This stiller world was embodied in players’ understated goal celebrations. Here were climactic moments responded to without choreography, ego or hands lifted to ears in front of the away end. A scoring player “could seem modest to the point of embarrassment. It was as if he did not want to take all of the glory and wished to silently convey that a goal belonged to everyone. There was poignancy in this reaction for those on the other side of the advertising hoardings. A scorer’s lack of self-congratulation tacitly acknowledged that a goal was a supporter’s moment. Here was the star actor, pointing to the audience during curtain-call applause.
His celebration was rarely more flamboyant than the raising of an arm. Perhaps he was taking time to drink in the roar of the crowd, even to look at those smiling faces. He would take the back pats and rigid hugs of teammates, the feeble handshakes and the cupped taps to the back of his head. Then, a jog back to the halfway line, where he could catch breath with hands rested above knees. He looked to the ball now moored on the centre-spot and gave inward thanks for what it had given him, and what it had given that crowd.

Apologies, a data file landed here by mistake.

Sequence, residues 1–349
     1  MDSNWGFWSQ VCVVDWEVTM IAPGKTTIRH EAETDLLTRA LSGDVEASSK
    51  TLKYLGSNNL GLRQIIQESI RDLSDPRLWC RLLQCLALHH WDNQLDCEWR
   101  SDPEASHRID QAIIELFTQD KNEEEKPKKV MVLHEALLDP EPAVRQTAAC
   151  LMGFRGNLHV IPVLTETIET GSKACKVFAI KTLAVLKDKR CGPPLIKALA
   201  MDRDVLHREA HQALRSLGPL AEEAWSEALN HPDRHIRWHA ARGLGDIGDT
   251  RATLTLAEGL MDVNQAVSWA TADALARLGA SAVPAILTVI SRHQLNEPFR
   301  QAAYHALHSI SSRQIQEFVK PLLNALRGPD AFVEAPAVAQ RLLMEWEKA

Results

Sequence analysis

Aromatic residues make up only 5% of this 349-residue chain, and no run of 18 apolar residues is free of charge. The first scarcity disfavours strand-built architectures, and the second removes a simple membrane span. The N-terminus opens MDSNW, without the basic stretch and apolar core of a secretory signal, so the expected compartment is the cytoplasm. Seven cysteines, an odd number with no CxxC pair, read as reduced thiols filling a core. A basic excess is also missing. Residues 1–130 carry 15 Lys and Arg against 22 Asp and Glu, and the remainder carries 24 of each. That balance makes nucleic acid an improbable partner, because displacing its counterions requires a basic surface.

In truth, he deserved to be more exultant. None of us would have minded. Instead, he was left to revel in a goal in his own time, staring into space among the racket of the communal bath. There could now rise across his face the grin of a fulfilled man.
(Excerpt from the chapter, 'Understated Goal Celebrations'.)